CLNS: You said that there was a core group of teams that were already ahead of the game on this initiative. Do you know what the lag was for the rest of the league being readily able to adopt it?
Silver: I think it was, maybe, a little bit on the expense side for some teams. Where, because they were busy also trying to make a business out of their team and weren’t able to spend as freely. But I think there were some philosophical differences among some teams. I think it was no different than the way ‘Billy Ball’ evolved in Major League Baseball that certain GMs and certain coaches were early adopters. Obviously [Celtics Assistant GM] Mike Zarren here in Boston, Darryl Morey who comes from Boston and is taking his technique to Houston. But I think also, it spread, seemingly to me, more quickly through this league maybe than other leagues.
CLNS: It happened almost overnight which was so shocking about it.
Silver: Well I credit also, [Bill] Simmons and people like that who have huge followings and are constantly talking about it and I think in this sport, teams are constantly looking for an edge. And I also credit a new generation of owners as well. Very analytical owners, coming in from their own other businesses. I look at somebody like Josh Harris and Dave Blitzer, two private equity guys from New York who bought the 76ers. They are used to using sophisticates data in their day jobs, so for them, their view was, “How could this not be helpful for our team?”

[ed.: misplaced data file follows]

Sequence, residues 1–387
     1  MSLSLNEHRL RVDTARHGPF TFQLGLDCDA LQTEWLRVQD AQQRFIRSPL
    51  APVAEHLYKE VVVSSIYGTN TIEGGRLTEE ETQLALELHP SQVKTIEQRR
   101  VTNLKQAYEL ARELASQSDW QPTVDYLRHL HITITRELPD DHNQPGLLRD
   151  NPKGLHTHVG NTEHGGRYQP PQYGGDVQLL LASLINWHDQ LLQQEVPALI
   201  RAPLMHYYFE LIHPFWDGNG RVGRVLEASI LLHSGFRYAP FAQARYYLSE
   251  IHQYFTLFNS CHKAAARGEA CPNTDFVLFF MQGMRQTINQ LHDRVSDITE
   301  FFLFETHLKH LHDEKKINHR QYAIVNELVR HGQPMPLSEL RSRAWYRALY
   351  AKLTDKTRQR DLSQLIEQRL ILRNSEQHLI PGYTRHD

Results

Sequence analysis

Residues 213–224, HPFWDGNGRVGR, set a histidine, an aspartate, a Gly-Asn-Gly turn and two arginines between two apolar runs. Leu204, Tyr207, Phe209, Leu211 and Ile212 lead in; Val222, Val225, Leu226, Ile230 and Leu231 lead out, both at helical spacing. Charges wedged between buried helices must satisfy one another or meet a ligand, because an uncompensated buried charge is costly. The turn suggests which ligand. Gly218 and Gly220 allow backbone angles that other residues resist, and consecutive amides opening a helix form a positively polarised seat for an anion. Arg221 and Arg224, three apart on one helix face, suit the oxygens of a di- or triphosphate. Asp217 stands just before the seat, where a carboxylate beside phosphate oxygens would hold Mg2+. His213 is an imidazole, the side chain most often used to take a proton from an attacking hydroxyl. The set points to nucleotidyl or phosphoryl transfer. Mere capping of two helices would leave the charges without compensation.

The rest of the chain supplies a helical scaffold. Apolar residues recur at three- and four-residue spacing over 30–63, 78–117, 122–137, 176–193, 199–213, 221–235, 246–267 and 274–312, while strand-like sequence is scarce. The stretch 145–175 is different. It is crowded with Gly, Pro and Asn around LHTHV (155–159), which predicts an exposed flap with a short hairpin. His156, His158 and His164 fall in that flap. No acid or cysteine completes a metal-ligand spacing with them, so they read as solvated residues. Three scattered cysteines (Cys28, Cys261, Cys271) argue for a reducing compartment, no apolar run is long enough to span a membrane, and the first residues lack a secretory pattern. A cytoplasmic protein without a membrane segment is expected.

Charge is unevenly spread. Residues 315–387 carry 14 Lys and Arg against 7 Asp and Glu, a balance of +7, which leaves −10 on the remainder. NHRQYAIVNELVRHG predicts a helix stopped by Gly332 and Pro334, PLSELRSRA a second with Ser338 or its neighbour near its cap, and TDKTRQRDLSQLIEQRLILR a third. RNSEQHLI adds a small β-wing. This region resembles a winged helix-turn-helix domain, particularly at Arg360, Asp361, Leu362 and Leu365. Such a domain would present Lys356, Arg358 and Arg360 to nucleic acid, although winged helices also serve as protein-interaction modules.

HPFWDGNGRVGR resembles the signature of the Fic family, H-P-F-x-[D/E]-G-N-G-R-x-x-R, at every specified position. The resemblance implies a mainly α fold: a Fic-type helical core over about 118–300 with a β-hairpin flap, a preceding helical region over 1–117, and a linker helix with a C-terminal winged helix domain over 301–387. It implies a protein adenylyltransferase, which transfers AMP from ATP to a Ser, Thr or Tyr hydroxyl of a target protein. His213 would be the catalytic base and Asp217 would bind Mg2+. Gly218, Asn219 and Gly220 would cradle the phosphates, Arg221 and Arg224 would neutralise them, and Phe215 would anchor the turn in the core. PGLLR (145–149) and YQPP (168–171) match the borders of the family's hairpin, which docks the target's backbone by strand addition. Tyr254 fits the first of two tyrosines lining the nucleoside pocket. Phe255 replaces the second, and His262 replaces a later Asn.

CLNS: It seems that most of the young owners are coming from the business background and analytics is a major part of what got them to where they are now.
Silver: Robert Pera in Memphis, Vivek Ranadive in Sacramento, Joe Lacob in Golden State. It is this new generation of owners. And I think again, there will be a mixed view between teams on how valuable, ultimately, this is but I think everyone recognizes it’s an important data point and then you go from there.
CLNS: Was there a pilot program before you decided to launch it publicly?
Silver: Well, the pilot program was the fact that certain teams have already begun to use it. Us having conversations with those teams, better understanding where they saw the value. There’s a guy named Steve Hellmuth who is sort of behind it and I think part of it is, again credit Darryl Morey with the [Sloan Sports Analytics] Conference he has been holding here in Boston, reading the papers that were presented by academics who were looking at the data.
I said to someone earlier, I went to the University of Chicago Law School. [It was] Very much an analytical basis of the study of law, so I sort of had a particular interest in it as well. But ultimately, it’s where our teams drove us. And from a league standpoint, when you get to a certain scale, it makes sense for the league to step in where we can negotiate an overall deal for all our teams to create a level playing field, have a certain set of data and let them compete from there.